A grand jury on Monday decided not to indict anyone in connection with the death of a Chicago woman who was found dead in an apparent suicide in her jail cell three days after she was arrested during a routine traffic stop this summer in Texas.
The Texas jury had considered the death of Sandra Bland, a 28-year-old black woman, and the conduct of the staff at the Waller County jail where she was held, and not other parts of the case, such as the role of Brian Encinia, the white Texas state trooper who pulled Bland over, said prosecutor Darrell Jordan.
Jordan said jurors would reconvene in January to consider other aspects of the case, which may include actions taken by Encinia, who Texas public safety officials say violated policies of professionalism and courtesy in his encounter with Bland. Encinia has been on administrative duty since her death in July.
On July 10, Bland was driving from Illinois to her alma mater, Prairie View A&M University, where she had gotten a new job, when she was pulled over by a state trooper for failing to use a turn signal in Prairie View, northwest of Houston. The encounter, which was filmed by Encinia’s dashboard camera, quickly escalated. The driver and officer exchange heated words, and Encinia eventually threatened to use a stun again against Bland—“I will light you up!”—dragged her out of the car, and arrested her. Bland was taken to Waller County jail, where she was found hanged with a plastic trash bag from a metal barrier in her cell. Medical examiners ruled her death a suicide.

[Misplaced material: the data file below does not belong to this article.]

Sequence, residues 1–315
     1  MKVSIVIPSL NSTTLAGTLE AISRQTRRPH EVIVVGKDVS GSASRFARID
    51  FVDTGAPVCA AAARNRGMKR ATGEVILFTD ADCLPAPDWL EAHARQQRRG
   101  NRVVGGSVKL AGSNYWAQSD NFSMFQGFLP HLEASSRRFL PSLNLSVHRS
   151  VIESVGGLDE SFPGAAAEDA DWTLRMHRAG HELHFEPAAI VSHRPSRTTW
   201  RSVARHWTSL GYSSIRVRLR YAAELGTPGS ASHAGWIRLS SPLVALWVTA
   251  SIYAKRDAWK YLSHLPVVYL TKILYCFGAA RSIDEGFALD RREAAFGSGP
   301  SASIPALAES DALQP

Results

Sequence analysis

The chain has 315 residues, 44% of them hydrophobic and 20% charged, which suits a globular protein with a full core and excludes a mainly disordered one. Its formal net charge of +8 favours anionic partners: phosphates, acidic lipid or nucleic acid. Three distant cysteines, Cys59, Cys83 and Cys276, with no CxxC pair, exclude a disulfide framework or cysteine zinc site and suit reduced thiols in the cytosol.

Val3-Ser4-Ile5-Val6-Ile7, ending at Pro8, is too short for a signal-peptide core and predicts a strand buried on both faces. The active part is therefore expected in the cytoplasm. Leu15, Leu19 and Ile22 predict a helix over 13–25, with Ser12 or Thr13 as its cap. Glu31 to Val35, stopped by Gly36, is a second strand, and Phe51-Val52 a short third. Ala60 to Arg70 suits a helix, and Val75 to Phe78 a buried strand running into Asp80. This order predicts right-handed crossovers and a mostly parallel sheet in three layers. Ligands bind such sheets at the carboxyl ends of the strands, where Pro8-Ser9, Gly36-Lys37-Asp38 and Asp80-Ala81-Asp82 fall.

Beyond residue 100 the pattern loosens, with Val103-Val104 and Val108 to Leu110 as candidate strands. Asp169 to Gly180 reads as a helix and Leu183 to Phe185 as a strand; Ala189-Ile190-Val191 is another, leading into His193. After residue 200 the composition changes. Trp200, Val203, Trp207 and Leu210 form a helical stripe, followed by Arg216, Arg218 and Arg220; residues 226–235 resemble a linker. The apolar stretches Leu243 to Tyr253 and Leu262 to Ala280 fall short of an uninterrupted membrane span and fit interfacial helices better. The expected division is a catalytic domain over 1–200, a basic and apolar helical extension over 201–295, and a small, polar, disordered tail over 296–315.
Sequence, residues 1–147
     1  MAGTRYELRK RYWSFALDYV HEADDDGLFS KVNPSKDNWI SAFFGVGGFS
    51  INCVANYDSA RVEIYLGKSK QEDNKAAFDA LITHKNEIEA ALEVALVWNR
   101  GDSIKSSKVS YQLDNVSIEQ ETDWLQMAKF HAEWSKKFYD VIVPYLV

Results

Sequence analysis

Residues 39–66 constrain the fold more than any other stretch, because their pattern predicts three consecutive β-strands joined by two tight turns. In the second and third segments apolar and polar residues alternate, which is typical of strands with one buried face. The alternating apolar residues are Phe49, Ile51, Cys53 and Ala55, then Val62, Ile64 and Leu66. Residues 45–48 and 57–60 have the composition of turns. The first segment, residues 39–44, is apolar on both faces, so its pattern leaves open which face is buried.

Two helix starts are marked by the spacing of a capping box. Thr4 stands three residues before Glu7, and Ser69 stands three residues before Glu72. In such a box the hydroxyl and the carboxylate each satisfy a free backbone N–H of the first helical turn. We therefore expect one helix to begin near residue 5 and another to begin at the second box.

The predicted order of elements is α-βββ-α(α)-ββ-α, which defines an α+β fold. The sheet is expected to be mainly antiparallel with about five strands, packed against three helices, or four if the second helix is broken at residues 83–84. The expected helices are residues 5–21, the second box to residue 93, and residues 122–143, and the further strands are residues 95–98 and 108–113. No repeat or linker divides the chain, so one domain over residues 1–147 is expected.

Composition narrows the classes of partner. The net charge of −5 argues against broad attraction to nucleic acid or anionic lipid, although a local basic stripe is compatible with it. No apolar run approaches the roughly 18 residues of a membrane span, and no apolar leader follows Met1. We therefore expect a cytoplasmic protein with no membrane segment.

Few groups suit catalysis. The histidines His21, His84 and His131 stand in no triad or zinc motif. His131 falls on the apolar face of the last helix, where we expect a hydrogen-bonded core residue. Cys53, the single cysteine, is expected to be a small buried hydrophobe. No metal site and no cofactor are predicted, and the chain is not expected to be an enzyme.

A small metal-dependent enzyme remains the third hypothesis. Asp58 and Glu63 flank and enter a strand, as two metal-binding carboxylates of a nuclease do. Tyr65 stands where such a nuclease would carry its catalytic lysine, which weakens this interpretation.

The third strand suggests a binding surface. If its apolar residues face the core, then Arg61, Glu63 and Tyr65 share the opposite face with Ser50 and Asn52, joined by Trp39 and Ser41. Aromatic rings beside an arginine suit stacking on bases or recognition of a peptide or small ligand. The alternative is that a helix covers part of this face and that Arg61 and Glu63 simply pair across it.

Bland’s family disputed the account that she killed herself. As my colleague David Graham wrote in July:
Almost as soon as Bland died, her family and many black Americans assumed the worst. They were skeptical of official explanations and pessimistic about the odds of a thorough and fair investigation. A popular hashtag, #IfIDieInCustody, became a forum to express that skepticism and the fear of being disappeared into a jail—or, like Freddie Gray, a police wagon—and emerging dead or near death, with no explanation and little evidence to explain what happened beyond the official account.
Cannon Lambert, a lawyer for the Bland family, called the grand jury proceedings a “sham of a process,” and that family members first learned there was no indictment through news reports.
“We would like very much to know what in the heck they’re doing, who they’re targeting and if it has anything to do with Sandy and her circumstances,” Lambert told The New York Times Monday night.
This article is part of our Next America: Criminal Justice project, which is supported by a grant from the John D. and Catherine T. MacArthur Foundation.
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